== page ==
You can use the same song for years if it still works well for you. Only consider changing your material if you feel that too many people in the industry have heard you use it for too many years, if you simply cannot keep it fresh anymore, or if you have aged beyond it.
FIND PARALLEL SONGS Don’t present a song from the show you are auditioning for unless it has been specifically requested.
Most directors go into an audition with a clear vision of the character. If your rehearsed vision differs from theirs, it can be difficult for them to see beyond your choices. They may feel they will have to redirect you and that will take too much time.
It is very common for a theatre to suggest that you sing a song that the composer for this show has written. This request can be misleading, though. (p. 10)
PARALLEL CHARACTERS It’s more fun and appropriate to parallel actual characters than musical styles.
USING NONTHEATER SONGS When auditioning for a show that requires a specialty song, don’t feel that you have to use a musical theater song necessarily.
For example, if you have an audition for Big River, the audition panel will want to hear a country song. It is perfectly acceptable and often preferred that you bring a real country song to demonstrate your sense of that style. If the show is Grease, bring in a true 1950’s rock ‘n’ roll song
PIANO-BASED POP/ROCK WRITERS If you are considering a pop/rock song, look for a piano-based pop/rock artist.
These writers are pianists, so the printed piano music will sound close to the accompaniment you are accustomed to hearing. If, however, you choose a guitar-based artist, the piano accompaniment on the printed music will not serve the audition pianist well enough to give you the sound you expect to hear.
Examples of piano-based artists: Billy Joel Elton John Barry Manilow Carly Simon
OVERUSED SONGS If you choose one of these songs, there is a possibility that the auditors will tune you out from sheer boredom.
The auditors have to listen to these songs all day. A song that was once new becomes overdone. However, it’s refreshing for the panel to hear a great song that nobody else thought to bring in.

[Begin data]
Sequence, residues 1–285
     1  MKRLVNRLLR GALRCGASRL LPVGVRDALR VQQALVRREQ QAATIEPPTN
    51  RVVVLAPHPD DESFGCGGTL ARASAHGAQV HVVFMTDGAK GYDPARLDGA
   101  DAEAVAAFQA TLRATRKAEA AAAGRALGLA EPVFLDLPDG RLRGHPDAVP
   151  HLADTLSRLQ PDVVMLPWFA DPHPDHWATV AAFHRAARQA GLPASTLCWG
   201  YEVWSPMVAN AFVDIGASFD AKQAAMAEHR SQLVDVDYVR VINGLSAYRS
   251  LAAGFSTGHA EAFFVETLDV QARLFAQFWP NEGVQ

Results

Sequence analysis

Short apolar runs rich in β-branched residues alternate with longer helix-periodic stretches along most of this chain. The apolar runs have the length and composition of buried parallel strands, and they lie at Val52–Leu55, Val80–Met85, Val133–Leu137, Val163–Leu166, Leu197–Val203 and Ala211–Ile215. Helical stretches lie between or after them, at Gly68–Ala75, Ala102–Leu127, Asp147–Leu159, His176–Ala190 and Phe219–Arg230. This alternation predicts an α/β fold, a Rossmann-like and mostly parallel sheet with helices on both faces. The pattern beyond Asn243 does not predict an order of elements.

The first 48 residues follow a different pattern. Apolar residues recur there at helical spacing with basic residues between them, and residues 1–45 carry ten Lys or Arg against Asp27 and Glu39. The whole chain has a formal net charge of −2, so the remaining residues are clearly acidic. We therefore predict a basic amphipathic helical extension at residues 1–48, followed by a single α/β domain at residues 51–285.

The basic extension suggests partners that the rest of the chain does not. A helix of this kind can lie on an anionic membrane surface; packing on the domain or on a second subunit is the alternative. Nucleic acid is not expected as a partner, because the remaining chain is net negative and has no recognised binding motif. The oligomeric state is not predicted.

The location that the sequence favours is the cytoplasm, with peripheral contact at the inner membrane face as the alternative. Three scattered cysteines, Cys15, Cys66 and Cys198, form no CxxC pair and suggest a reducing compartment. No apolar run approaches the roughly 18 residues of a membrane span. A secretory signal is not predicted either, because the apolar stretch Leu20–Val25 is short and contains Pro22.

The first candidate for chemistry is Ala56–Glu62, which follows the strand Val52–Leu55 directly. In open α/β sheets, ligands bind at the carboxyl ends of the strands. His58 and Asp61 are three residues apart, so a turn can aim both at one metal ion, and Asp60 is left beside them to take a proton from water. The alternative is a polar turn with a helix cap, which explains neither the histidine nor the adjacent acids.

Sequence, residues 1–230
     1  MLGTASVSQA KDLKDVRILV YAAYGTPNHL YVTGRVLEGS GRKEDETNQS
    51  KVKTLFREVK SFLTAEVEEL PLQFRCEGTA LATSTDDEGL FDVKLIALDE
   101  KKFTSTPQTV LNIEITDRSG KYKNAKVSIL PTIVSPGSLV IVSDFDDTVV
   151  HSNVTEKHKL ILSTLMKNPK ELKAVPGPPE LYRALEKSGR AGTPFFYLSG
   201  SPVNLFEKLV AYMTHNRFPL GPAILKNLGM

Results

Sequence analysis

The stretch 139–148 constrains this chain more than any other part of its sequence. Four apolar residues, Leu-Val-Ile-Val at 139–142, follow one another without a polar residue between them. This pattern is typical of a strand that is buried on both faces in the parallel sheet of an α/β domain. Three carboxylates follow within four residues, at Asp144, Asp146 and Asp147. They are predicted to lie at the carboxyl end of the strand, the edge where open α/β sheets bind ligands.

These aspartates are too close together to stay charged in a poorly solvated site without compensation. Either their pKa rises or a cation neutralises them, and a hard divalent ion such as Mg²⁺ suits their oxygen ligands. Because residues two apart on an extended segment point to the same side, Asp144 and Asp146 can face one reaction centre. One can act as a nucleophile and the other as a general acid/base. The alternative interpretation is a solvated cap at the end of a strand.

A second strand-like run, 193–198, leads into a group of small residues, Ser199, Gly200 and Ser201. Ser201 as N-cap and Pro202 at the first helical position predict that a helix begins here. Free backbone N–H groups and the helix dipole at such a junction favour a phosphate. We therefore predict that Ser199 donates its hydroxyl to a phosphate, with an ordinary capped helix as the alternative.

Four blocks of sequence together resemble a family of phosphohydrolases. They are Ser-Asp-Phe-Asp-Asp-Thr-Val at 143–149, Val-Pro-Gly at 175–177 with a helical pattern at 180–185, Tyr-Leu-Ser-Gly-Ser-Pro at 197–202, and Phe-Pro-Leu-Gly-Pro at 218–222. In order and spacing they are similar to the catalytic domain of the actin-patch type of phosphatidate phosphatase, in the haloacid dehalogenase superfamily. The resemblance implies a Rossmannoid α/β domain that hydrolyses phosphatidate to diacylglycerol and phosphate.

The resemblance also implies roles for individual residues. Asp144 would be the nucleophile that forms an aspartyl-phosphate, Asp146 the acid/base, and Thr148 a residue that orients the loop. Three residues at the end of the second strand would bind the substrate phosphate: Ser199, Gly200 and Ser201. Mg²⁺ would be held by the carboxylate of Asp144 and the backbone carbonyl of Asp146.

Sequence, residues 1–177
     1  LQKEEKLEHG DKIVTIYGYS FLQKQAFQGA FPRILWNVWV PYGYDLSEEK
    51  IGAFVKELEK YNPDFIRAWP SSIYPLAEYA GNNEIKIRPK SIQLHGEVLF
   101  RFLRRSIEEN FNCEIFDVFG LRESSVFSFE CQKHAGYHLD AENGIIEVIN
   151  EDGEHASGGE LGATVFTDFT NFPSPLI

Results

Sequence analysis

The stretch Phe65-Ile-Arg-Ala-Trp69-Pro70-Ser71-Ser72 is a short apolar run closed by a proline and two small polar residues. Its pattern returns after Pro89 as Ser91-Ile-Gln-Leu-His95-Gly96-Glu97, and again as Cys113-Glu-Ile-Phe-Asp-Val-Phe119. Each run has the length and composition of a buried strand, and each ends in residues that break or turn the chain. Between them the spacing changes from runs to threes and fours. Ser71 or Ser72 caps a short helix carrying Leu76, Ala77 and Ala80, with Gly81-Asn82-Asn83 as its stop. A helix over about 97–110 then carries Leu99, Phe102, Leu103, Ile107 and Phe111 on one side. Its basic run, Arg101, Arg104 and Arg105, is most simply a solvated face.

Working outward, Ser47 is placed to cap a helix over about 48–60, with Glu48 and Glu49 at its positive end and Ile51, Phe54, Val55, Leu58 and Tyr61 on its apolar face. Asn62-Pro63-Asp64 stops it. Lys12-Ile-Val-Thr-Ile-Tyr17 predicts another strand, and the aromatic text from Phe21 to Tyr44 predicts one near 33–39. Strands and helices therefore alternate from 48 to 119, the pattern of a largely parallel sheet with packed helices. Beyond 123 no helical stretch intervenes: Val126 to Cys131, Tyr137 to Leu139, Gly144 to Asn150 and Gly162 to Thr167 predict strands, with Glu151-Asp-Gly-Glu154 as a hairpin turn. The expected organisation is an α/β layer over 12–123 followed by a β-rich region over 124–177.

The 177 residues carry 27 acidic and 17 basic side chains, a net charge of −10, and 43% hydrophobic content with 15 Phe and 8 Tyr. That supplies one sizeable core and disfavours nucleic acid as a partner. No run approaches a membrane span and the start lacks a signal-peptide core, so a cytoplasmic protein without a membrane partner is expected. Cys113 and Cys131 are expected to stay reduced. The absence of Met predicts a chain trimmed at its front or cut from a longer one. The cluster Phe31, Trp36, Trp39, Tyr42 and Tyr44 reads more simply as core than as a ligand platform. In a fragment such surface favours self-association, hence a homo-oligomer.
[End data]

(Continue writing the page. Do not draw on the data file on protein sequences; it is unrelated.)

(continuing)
If once at the audition you realize your material is being sung by a lot of other performers, don’t be deterred from using it. It’s too late to change songs, especially if you chose yours to fit this particular audition. Don’t panic, you have to consider the presentation of the performance. Don’t be boring to watch! p. 19
Overused songs Out Here on My Own I Don’t Know How to Love Him Popular My New Philosophy On My Own Bring Him Home This is the Moment
OBSCURE MATERIAL Every singer is forever in search of a hard-to-find, obscure song to use at auditions.
However, use a song that you enjoy singing and that demonstrates the skills you are trying to show the panel. If that song happens to be obscure, good, but choosing a song solely because it’s rarely done is a miscalculation. So often singers will bring an obscure song that means nothing to them.
The panel will enjoy your song only if it suits you well. Its rarity should just be a bonus.
Keep in mind the pianist may not know your obscure song. Is the manuscript handwritten and hard to read? You might sabotage your own audition. Have a back up song.
RESEARCHING WRITERS As yourself what theater songs you really like. What lyrics have you heard that really appeal to you?
For example, if you love the show Gypsy, find out who the composer is. You’ll learn it’s Jule Styne. Look him up. You will be amazed to find out that over the course of fifty years he wrote hundreds of songs, both well known and obscure, for shows and films.
Keep in mind that if a show by any composer or writing team is labeled a flop, don’t let that deter you from investigating some of its great songs or monologues. Its being a flop just means that the show didn’t work as a whole.
CELEBRITY TYPES • Find a theater personality whom you admire or think you resemble in type. For ex: Bernadette Peters. If you look up Ms. Peters in a theater history book, you’ll find background on her career and accomplishments. You will discover she has been in shows you’ve never heard of.
Find these shows and listen to the recordings, or simply read through the lyrics. If the material looks interesting, get hold of the music and learn it.
The more shows you do, the more actors you will meet. Find people older than you who perhaps were your type at some point. Talk to them about what material they might recommend for you. • Be open to all types of music